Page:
Politicians and technical experts are concerned over the Nevada State Democratic Party’s plan to use a Google calculator uploaded to new iPads to tally results during their caucuses next week in the wake of the technical difficulties met in Iowa.
The concerns come after the Democratic Party announced Thursday that it is planning to use a custom Google calculator accessed through a “secure Google web form,” which will be uploaded to 2,000 newly purchased iPads to help tabulate votes, and that precinct leaders would also track votes via paper backup sheets. The party’s executive director Alana Mounce said in a memo that the decision was made in consultation with the Democratic National Committee (DNC), the Department of Homeland Security (DHS), and outside security experts and that the Democrats remain “confident in our backup plans and redundancies.”
However, several lawmakers and experts have raised concerns as to whether the technical decisions are actually secure in the wake of the difficulties met during the Iowa caucuses, which delayed the results for several days and remained doubtful even after repeated calculations.
Democratic Rep. Mike Quigley, the chairman of the House Appropriations subcommittee that pushed through millions in election security funds for states last year, warned Thursday that “there can’t be anymore experiments” with respect to tabulating the caucuses’ results.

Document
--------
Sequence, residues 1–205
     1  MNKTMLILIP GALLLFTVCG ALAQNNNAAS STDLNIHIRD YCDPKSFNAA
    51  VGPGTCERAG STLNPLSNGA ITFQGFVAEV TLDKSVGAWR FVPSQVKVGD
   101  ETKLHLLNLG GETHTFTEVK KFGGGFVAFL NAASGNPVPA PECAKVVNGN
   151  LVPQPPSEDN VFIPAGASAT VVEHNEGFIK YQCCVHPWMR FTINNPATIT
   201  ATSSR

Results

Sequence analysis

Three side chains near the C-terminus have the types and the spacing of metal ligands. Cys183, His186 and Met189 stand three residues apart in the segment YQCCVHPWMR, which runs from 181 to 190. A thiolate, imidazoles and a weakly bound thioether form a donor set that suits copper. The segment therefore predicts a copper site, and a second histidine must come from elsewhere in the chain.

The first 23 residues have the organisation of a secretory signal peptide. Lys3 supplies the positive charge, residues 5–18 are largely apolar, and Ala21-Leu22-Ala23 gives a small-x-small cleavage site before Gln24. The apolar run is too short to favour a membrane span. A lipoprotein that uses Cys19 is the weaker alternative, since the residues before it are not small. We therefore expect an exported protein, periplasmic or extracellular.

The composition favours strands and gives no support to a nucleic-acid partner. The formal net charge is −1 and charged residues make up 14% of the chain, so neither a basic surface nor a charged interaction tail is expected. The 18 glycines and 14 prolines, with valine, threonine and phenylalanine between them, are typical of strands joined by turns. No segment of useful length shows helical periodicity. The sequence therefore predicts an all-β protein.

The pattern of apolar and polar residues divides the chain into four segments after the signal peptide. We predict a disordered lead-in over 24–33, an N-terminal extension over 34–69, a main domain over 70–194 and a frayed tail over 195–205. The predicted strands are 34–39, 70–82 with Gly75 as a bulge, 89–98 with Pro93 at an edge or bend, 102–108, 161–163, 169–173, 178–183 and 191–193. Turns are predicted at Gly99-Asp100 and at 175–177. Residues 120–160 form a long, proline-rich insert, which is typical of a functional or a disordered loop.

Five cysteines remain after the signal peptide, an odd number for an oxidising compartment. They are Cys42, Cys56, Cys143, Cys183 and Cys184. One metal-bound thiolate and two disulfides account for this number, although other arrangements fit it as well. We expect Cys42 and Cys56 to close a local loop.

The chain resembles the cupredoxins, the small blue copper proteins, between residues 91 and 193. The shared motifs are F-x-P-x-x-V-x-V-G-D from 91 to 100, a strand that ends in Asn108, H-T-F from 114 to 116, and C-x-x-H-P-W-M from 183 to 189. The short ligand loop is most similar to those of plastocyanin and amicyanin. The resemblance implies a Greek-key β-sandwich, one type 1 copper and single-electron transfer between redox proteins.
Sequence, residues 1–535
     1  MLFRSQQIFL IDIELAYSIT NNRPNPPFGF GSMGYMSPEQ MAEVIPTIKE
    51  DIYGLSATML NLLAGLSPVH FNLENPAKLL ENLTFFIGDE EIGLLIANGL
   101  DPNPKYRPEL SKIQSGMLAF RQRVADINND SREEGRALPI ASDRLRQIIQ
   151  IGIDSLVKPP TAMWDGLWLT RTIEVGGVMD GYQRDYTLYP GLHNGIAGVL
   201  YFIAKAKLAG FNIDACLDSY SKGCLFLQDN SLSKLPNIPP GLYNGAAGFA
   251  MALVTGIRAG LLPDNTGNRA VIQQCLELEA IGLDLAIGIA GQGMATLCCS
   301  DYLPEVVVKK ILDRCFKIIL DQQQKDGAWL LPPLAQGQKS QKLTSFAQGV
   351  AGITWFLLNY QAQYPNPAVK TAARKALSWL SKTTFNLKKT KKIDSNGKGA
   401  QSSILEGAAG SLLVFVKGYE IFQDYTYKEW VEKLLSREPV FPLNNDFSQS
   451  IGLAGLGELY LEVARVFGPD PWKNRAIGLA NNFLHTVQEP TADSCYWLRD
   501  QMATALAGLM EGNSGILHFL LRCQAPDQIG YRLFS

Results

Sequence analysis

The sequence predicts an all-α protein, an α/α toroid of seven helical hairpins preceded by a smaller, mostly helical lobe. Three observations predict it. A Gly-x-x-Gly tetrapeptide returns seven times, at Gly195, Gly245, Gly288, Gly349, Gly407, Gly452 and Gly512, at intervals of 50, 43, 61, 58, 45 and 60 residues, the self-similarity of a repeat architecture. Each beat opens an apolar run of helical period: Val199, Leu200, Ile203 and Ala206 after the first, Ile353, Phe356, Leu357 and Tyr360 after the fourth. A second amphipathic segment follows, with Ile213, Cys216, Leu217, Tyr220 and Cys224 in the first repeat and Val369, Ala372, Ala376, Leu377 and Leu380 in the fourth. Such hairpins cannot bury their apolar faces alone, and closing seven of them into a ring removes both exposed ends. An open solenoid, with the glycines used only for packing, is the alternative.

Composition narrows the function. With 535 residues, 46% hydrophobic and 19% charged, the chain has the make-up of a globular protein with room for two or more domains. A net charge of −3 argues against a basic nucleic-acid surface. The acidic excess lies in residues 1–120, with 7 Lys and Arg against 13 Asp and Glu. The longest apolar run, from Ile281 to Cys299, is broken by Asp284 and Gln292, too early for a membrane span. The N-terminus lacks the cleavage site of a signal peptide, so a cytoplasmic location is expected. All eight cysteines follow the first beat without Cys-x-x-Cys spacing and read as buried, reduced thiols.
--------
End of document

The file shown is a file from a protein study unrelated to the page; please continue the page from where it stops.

Republican Rep. John Katko from the House Homeland Security cybersecurity subcommittee slammed the use of an iPad as “a terrible idea that exposes them to possible hacking,” cited by The Hill.
The Nevada Democratic Party originally planned to use the same app built by Shadow, Inc as the Iowa Democratic Party, abandoning these plans after the delays. Nevada State Democratic Party Chairman William McCurdy said in a statement that the party had “already developed a series of backups and redundant reporting systems, and are currently evaluating the best path forward.”
Former Iowa caucus worker Douglas W. Jones, who works as an associate professor of computer science at the University of Iowa, noted that the sudden change of the counting system might have a negative impact on the outcome as training volunteers, who generally tend to be older and less comfortable using new technology, can become a serious challenge.
David Levine, a former election official in both Idaho and Washington, DC, told The Hill on Friday he was also concerned that party officials may not be as well-versed in training volunteers on how to use new technologies, noting that “it’s a tough process to do in such a short period of time with volunteers.” Liz Howard, the former deputy commissioner of the Virginia Department of Elections, said the backup paper voting sheets in Nevada were “a good sign for election integrity.”
Nevada will not be the last presidential caucus of 2020, with both North Dakota and Wyoming holding theirs in the next two months.
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